The bovine dentin blocks were placed in 24-well cell culture plates and each well received 2.0 mL of pure BHI broth containing 1% of the bacterial suspension, leaving the dentin blocks all submersed. The plates were kept in an incubator (model Q816M20, Quimis Aparelhos Científicos Ltd., Diadema, SP, Brazil) under constant agitation, in microaerophilic environment at 37°C for 14 days. The BHI medium of each specimen was completely changed every 48 h, without adding new microorganisms to assure enough nutrients for the bacterial cells.

After the postmanipulation periods of 2 days, each material sample was removed from the mould, sterilized through UV light, and positioned over one of the dentin blocks containing biofilm, which were previously washed in saline solution to remove planktonic bacteria. The dentin block/material sample assemblies were placed on 48-well plates. Over each assembly, 20 µL of sterile saline solution was dropped to avoid their drying. The plates were kept in an oven at 37°C for contact times of 5 h and 15 h. Six specimens (dentin block/material) were used for each contact period. The control group comprised noncontact of the biofilm to any cement, allowing the comparison of the results. After the contact periods elapsed, the cement discs were removed and the dentin blocks containing the remaining biofilm, including those belonging to the control group, were individually stored in test tubes containing 1 mL of sterile saline solution and glass pearls. The tubes were agitated in vortex mixer (model Q220, Quimis Aparelhos Científicos Ltd., Diadema, SP, Brazil) for 1 min to disrupt the biofilm.

Following that, serial decimal dilutions of E. faecalis were obtained. At the end of the dilutions, three aliquots of 20 µL of each suspension were inoculated onto Petri dishes containing m-Enterococcus agar medium (Difco Laboratories, Becton, Dickinson and Company, USA). Dishes were incubated at 37°C, in microaerophilic environment, for 48 h.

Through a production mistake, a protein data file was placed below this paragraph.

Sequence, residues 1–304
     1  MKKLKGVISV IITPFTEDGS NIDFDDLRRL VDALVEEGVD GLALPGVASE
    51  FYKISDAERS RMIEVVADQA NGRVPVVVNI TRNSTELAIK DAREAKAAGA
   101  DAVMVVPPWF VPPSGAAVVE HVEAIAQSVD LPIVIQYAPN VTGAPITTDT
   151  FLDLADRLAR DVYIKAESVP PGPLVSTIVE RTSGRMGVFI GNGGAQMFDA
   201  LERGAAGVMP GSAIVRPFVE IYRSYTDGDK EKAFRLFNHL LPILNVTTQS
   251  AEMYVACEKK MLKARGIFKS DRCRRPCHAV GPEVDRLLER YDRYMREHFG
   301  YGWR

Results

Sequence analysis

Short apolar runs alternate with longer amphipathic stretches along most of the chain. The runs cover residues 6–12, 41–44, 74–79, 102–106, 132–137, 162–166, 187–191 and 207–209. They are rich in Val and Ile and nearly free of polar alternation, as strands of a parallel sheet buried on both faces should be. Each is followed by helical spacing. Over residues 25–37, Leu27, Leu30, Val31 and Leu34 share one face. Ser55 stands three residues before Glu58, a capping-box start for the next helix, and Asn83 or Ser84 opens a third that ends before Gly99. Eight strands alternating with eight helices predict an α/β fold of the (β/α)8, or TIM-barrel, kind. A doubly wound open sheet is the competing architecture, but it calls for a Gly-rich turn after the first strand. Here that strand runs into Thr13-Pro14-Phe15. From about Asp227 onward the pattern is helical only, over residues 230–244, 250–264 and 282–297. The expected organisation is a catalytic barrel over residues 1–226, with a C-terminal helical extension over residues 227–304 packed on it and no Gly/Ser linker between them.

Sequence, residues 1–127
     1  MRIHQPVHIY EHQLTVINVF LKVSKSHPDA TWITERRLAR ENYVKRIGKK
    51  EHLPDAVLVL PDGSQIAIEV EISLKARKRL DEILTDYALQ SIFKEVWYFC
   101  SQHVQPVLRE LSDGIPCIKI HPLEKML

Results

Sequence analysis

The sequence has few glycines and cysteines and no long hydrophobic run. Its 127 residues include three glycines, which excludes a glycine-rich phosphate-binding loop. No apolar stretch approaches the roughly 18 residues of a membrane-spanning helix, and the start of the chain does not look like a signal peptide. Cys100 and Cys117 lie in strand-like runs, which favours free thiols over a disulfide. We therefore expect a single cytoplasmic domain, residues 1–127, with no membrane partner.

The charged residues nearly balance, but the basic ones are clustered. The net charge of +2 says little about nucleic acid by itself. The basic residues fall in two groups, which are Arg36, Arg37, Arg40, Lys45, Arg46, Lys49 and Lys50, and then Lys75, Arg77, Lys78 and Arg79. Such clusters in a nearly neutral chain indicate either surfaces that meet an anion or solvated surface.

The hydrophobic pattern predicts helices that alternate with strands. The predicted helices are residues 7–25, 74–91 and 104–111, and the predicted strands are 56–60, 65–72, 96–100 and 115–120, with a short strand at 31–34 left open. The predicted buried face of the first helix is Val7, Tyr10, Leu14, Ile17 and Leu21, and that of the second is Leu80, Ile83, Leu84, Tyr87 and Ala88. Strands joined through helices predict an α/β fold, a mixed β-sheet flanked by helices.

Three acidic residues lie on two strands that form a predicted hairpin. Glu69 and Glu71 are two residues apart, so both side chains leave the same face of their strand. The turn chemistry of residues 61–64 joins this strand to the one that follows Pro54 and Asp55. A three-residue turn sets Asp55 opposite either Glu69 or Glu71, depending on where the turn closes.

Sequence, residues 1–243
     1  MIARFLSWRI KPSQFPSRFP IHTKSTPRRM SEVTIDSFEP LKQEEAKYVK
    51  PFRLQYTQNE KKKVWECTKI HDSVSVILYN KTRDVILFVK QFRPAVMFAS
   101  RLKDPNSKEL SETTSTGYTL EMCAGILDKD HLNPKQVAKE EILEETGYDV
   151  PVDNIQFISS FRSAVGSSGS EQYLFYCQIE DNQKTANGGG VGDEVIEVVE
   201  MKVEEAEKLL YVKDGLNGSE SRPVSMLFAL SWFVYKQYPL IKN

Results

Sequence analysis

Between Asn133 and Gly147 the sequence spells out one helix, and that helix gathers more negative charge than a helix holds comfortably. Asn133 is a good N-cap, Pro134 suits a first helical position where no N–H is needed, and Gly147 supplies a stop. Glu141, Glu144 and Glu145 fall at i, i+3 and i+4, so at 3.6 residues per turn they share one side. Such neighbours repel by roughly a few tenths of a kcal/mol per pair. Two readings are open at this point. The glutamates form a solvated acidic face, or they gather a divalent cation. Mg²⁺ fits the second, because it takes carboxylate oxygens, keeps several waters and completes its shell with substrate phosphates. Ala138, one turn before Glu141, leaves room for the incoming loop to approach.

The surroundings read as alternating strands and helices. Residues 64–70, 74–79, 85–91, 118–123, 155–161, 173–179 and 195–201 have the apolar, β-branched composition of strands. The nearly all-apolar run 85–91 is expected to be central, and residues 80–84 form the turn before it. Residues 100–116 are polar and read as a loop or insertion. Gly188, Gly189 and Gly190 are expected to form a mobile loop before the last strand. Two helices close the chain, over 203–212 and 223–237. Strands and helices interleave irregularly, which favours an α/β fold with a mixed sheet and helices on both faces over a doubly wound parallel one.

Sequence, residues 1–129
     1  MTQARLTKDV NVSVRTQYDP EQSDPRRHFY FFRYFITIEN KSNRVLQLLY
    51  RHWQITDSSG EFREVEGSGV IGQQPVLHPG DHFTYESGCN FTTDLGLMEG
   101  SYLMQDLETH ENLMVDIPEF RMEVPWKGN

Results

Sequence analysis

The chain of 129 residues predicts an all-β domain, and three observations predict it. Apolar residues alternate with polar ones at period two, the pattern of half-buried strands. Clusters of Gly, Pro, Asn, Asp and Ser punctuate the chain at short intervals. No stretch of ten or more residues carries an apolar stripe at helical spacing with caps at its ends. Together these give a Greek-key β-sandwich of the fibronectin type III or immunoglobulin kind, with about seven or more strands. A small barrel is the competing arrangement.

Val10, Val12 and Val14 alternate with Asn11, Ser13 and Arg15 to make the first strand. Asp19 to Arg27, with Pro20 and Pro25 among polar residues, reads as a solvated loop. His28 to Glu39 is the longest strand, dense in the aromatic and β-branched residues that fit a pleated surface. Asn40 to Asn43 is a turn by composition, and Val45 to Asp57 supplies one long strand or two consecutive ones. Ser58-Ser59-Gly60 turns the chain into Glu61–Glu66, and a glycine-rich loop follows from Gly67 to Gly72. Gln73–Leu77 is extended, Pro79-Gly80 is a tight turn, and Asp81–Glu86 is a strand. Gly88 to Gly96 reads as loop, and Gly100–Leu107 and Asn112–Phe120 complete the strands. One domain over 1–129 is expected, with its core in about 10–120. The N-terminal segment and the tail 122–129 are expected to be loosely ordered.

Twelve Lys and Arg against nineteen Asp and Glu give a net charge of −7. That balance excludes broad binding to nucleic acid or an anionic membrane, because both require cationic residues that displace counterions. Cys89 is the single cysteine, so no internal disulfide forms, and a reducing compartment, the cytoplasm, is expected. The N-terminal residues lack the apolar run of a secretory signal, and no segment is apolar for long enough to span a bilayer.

The readings for each Petri dish resulted from mean CFU mL−1 in the three areas of the bacterial growth, at dilutions that generated between 5 and 50 colonies per field. From these means, the number of CFU mL−1 was calculated for each contact period of the filling cements with the biofilm developed onto the dentin blocks. Data were subjected to logarithmic transformation and the result was presented as the mean of the six specimens in each group.

2.2. Compressive Strength

The compressive strength was determined according to the method recommended by the BSI [27]. To the test, 6 specimens, measuring 12 mm in height by 6 mm in diameter, were performed as previously described [14, 28]. The specimens were maintained at 37°C and 100% relative humidity by a gauze moistened in distilled water until the tests were performed. Each experimental group was subjected to testing at 24 hours and at 21 days after manipulation of the cements [28].

The surface of each specimen was smoothed using a 600-grit sandpaper. The compression strength was evaluated using a universal testing machine (EMIC DL 2000, Emic Equipamentos, São José dos Pinhais, PR, Brazil) at crosshead speed of 0.5 mm/s with a load of 5 kN. All measurements were recorded in kg and converted to megapascal (MPa).

2.3. Radiopacity